Day 1 of IATEFL, Manchester — Ken Wilson didn’t accept our “Good morning” since it was, admittedly, devoid of energy. We sounded a bit like a car trying to start so he kept at us until we sounded sufficiently alive. It was a welcome change from the typical presenters who just get up and induce an audience-wide coma within moments — and a perfect example of how to connect with students.
His absurdly long list of publications is all the more impressive when you realize he is a closet comedian and exceptional story-teller. His impersonations literally had laughter rolling out of us. Should you ever be so lucky as to see him speak, don’t walk over. Rush. If you’re lucky, he’ll tell a story and do an accent.
During his session today, he offered 7 free things that English teachers can do to grab their students’ attention, make lesson content more meaningful, and just generally ensure that everyone is enjoying themselves.
Here are the sound-bytes from his session and practical strategies you can implement today.
Why These “Connection” Techniques Matter:
- In our screen-rich, device-ridden lives, students nowadays are connection-starved.
- Now more than ever, you as an English teacher need to make sure your students are actually paying attention at the beginning of class.
The Seven Strategies:
– 1 – Develop voices (yours and your students).
As an English teacher, you should speak from your “stomach voice” — deep in your belly (which is different from shouting) so that everyone can hear you. AND guide students to make sounds loud enough that extra oxygen is physically pulled into your students’ sleepy bodies. Do his quick warmer technique (called “Sound of the Day”) where you choose any sound (Ken chose “urrrr”) and get the whole class of students to add different emotions to that sound. “Say it like you’re happy!” and we all “urrrr-ed” in happiness. “Say it like you’re bored!” and we all “urrr-ed” flatly. “Say it like your surprised!” and we “urrr-ed” with wonder.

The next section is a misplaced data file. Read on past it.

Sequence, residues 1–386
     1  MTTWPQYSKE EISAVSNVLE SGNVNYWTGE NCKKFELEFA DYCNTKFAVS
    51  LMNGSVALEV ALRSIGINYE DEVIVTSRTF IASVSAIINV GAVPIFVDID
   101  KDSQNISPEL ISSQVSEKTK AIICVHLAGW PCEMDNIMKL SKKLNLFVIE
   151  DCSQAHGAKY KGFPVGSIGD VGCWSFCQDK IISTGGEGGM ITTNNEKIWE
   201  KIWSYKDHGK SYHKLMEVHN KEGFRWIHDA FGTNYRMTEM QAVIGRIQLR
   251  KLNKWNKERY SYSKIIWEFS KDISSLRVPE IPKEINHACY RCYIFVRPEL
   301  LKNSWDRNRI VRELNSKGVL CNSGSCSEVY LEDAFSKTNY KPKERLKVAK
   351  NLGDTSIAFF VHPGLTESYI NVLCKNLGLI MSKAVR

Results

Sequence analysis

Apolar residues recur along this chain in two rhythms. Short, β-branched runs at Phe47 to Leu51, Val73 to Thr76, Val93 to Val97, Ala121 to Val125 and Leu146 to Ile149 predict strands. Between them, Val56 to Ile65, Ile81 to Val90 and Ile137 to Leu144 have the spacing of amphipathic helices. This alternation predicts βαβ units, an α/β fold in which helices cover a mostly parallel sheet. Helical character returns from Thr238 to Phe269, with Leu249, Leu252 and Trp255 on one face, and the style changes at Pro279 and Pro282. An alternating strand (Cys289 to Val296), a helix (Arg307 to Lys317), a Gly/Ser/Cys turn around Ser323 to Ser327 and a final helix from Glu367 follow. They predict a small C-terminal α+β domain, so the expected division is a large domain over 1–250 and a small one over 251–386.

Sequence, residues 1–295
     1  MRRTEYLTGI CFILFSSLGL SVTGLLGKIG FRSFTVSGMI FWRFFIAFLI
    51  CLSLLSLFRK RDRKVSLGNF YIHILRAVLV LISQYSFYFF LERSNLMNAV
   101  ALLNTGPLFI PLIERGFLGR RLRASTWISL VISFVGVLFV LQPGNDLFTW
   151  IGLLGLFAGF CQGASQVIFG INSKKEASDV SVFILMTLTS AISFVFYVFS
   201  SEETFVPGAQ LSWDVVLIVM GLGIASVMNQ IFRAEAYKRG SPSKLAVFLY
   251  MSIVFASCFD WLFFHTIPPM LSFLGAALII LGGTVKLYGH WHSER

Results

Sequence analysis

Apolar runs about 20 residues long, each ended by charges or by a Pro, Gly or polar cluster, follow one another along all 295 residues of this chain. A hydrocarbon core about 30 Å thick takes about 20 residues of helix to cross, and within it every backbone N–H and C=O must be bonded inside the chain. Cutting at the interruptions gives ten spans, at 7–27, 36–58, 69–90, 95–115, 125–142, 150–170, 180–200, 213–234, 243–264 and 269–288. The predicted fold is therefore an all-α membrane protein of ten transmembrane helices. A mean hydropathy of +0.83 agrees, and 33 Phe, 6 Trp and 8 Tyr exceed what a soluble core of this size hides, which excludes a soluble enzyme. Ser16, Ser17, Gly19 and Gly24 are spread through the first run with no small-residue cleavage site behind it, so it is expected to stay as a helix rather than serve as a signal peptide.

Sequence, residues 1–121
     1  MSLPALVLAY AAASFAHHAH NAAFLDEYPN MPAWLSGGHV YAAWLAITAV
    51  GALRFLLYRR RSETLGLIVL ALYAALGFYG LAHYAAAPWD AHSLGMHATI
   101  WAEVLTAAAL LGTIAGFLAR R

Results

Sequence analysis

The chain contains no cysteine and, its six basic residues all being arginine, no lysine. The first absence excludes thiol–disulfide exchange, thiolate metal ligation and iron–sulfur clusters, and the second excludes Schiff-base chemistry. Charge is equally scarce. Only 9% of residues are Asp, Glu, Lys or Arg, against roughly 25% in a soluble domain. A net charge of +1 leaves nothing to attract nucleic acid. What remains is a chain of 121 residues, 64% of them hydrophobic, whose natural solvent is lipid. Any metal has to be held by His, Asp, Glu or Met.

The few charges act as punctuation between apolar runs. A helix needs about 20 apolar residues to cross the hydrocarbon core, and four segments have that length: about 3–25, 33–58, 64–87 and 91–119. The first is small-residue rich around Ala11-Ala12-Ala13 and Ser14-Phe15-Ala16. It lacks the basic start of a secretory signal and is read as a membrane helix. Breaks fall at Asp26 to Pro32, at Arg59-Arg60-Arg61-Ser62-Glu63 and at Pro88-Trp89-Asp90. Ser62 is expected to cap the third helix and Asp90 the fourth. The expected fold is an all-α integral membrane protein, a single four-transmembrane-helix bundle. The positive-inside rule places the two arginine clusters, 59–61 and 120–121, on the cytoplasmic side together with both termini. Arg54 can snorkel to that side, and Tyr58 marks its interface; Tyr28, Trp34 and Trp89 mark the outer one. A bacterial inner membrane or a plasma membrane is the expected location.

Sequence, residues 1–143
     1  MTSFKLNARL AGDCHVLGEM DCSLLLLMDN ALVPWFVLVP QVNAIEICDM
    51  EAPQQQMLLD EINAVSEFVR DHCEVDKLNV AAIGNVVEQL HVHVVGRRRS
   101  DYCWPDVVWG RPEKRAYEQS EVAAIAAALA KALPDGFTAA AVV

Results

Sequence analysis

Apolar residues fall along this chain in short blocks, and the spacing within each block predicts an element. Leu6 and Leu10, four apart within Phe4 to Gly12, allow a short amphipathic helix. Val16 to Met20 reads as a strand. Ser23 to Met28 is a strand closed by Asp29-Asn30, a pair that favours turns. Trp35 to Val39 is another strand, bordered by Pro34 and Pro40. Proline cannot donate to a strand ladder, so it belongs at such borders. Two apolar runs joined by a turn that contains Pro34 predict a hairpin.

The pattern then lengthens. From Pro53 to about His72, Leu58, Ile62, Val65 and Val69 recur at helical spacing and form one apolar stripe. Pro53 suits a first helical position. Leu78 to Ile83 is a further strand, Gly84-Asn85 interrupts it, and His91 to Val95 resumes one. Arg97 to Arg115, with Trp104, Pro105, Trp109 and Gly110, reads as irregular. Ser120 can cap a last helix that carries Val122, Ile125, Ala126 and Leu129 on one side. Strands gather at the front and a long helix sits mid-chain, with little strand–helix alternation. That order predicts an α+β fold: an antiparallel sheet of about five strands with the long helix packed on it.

– 2 – Talk about yourself.
Find a way to connect personally to topics as they come up in the text books or lesson materials. “If you’ve been to Bilbao, and the text book listening is about some museum in Bilbao, talk about your trip!” Ken encouraged.
– 3 – Switch on your phone.
Find something amusing to share. Get students to share random photos (“Find a picture of an animal on your phone! Tell your partner the story — what was happening?”). Ken himself has a curious habit of taking selfies of half of his own face, where the viewer peers over his shoulder and sees some kind of weird scene that he has captured in his daily adventures. When he asked us to talk with a partner about what we think had been happening in that image, it was undeniable that these kinds of photos can open curiosity loops that would hold most (if not all) of your students’ attention.
– 4 – Find out what your students know.
Get them to connect with the course material.
Ken has an ingenious tip for getting students to connect with those irrelevant ELT text books — not the ones he writes of course, the other ones ;-)
We have to stop using celebrities in ELT material. If you see a book with a celebrity, don’t buy it!Ken WilsonWhen using a new text book…
- Before class, write up a list of the themes and topics that are presented in the table of contents / “book map” at the front of the book. Do this on a powerpoint slide or just write it out on the board. You’ll probably have 8-10 topics (like one for each reading passage in a chapter).
- In class, show students this list. (Example: Hollywood // volcanoes // Formula 1 Racing // Bethany Hamilton // etc. etc.)
- Ask them, “Do you know anything about any of these topics?”
- Make students write out 1 fact that is likely true for any of the topics on the list.
- Students share with a partner what they know.
- Do a group share: “What did your partner tell you?” Get students to respond. Now they’ve admitted they’re connected in some way. Don’t correct anyone at this stage.
- Hand out post-it notes en mass. Get students to sticky-note the relevant units that have something to do with a fact that they know.
- Later when you reach that unit as a class, ask the students, “Do you remember what we said that one day?” This will activate their memory and renew their connection quite quickly — so that they have a lower affective barrier.
– 5 – Teach unplugged.
Unplugged teaching is also known as “dogme” which was coined by Scott Thornbury and Luke Meddings. It’s basically a super flexible, materials-light, conversation-driven style of teaching that focuses on “emergent language” which comes up naturally during the course of the lesson.
The spontaneity and potential for playfulness with this hooks students’ attention. Ken says, “ABANDON THE PLAN! FOLLOW THE TRAIL! SEE WHAT HAPPENS!”
– 6 – Do something unexpected.
Ken was running out of time so he skipped over this. Was that expected or unexpected? Not sure either way but… To be continued…
– 7 – Be memorable — in the best way.
There are three types of teachers: teachers who you remember because they inspire you, teachers who frighten you and teachers you don’t remember. Be the first type.